Bookpleasures.com is excited today to have as our guest, Terry John Barto author of Gollywood Here I Come.
Before writing his debut children's book, Terry directed and choreographed more than 200 regional theater productions and was the creative mind behind numerous television and cruise ship live shows around the world.
As the creative director for Wings of Dreams Productions, Barto collaborated with other artists on a variety of diverse ideas and turned them into screenplays for animated films. He also helped develop popular action figures and dolls for several large retailers.
Norm: Good day Terry and thanks for participating in our interview
Why have you been drawn to writing a children's book and what served as the primary inspiration for Gollywood Here I Come?
Terry: I've always liked working with children in the theater, and have created ideas for animation and toys. Writing children's books seemed to be a good transition and became a passion a few years ago. My primary inspiration for Gollywood, Here I Come! is Shirley Temple.
Norm: What purpose do you believe your story serves and what matters to you about the story?
Terry: That it is an inspiring story. I want people to be inspired to follow their heart and go for their dream, no matter what it is.
Norm: When in the process of writing your book did you begin to look for an illustrator?
Terry: We started doing the illustrations in March 2014.
Norm: How did you collaborate with Mattia Cerato, the illustrator of the book?
Terry: First he read the story and loved it enough to agree to work on the project. We've sent numerous e-mails back and forth from Los Angeles to Italy. I started out by giving him an idea where I'd like the illustrations to be and what should be conveyed in each drawing. Then I sent him a reference book on Southern California in the 1950's because it was the overall feel that I wanted for the story. And I e-mailed him pictures as suggestions for the different characters.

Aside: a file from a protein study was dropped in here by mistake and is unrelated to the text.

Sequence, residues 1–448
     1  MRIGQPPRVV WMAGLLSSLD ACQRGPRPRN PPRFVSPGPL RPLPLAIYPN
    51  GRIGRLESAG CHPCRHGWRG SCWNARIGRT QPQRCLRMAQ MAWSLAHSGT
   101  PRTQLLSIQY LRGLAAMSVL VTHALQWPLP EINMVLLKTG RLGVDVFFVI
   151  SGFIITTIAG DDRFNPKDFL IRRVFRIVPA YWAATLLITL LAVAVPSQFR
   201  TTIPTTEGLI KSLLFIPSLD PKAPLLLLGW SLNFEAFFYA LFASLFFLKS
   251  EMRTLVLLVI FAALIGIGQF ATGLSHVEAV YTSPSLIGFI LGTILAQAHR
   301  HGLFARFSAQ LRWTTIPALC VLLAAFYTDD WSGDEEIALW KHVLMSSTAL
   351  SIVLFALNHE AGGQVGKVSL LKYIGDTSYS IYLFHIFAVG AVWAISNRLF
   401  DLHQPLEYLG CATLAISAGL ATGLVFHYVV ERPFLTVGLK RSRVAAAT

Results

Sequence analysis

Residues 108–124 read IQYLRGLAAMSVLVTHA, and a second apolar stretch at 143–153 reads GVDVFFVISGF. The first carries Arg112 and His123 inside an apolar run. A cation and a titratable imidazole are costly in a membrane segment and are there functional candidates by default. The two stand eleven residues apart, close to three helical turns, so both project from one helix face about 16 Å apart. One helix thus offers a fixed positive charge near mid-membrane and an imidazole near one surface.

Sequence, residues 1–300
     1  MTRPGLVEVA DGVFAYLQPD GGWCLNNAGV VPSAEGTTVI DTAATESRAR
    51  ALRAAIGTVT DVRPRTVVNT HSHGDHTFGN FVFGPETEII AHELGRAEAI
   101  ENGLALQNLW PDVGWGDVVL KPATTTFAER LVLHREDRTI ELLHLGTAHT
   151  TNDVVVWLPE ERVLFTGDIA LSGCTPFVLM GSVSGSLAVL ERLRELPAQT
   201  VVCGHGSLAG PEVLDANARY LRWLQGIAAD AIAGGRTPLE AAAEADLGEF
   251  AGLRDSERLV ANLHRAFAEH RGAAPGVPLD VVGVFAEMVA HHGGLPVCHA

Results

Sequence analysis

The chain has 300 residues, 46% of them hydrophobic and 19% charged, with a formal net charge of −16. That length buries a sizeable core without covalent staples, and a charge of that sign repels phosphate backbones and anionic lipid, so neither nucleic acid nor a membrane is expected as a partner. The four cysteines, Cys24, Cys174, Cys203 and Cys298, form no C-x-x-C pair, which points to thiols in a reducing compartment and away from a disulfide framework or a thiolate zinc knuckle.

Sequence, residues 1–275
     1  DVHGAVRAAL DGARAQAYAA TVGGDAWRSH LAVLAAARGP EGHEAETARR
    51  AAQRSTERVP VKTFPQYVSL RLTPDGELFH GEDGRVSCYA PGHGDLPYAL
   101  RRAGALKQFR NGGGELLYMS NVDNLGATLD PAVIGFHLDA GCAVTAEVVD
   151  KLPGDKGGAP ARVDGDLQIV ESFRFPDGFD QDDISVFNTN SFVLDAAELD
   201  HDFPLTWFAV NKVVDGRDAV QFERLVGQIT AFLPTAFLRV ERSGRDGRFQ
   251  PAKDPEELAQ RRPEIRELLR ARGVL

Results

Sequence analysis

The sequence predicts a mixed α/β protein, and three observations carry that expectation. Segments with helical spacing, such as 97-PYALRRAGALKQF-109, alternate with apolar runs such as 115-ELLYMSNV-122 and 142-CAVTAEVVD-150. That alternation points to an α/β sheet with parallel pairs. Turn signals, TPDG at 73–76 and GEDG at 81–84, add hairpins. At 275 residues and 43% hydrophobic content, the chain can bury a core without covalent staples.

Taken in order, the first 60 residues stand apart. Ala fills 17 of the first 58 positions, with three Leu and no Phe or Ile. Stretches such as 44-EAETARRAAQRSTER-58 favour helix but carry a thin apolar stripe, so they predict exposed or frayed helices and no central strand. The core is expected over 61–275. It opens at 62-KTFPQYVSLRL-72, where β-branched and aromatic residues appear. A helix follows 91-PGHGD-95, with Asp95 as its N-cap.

Norm: Did you read any special books on how to write a children's book?
Terry: I studied writing but not specifically for children's books. And it is a specific style. But most of what I've learned is the close working relationship I have with my editor. She's tough on me but very supportive. We've worked on many manuscripts together.
Norm: How has your environment/upbringing/professional career colored your writing?
Terry: I had a creative, inspired childhood. We went to Sea World and Disneyland a lot. My parents always encouraged my creativity and supported me in all the shows I performed in. My professional career as a director/ choreographer colored my writing for this particular piece because it's theatrical.
Norm: What was the most difficult part of writing your book and did you learn anything from writing your book and what was it?
Terry: The most difficult part was keeping in under 1,000 words. And as doing so, giving it everything it needs to be a compelling story. I learned that each and every word counts.
Norm: What would you like to say to writers who are reading this interview and wondering if they can keep creating, if they are good enough, if their voices and visions matter enough to share?
Terry: Keep trying, continue dreaming and follow your heart. Your voice matters and your visions are important.
Norm: How can readers find out more about you and your endeavors?
Norm: What is next for Terry John Barto:
Terry: Nickerbacher, The Funniest Dragon coming out early next year.
Norm: As this interview draws to a close what one question would you have liked me to ask you? Please share your answer.
Terry: I think you covered it just fine. You've asked fantastic questions. But how about... What was the inspiration for the name of the lead character Anamazie? Well, she's amazing in many ways. Besides being an incredible performer, she is humble and works hard. Another aspect is that she gives of herself and inspires her friends. Also, the last part of he name, Mazie, is the name of my beloved dachshund. Who is also amazing too.
Norm: Thank you so much for taking the time to answer my questions and good luck with all of your future endeavors.
Terry: Thank you very much, Norm.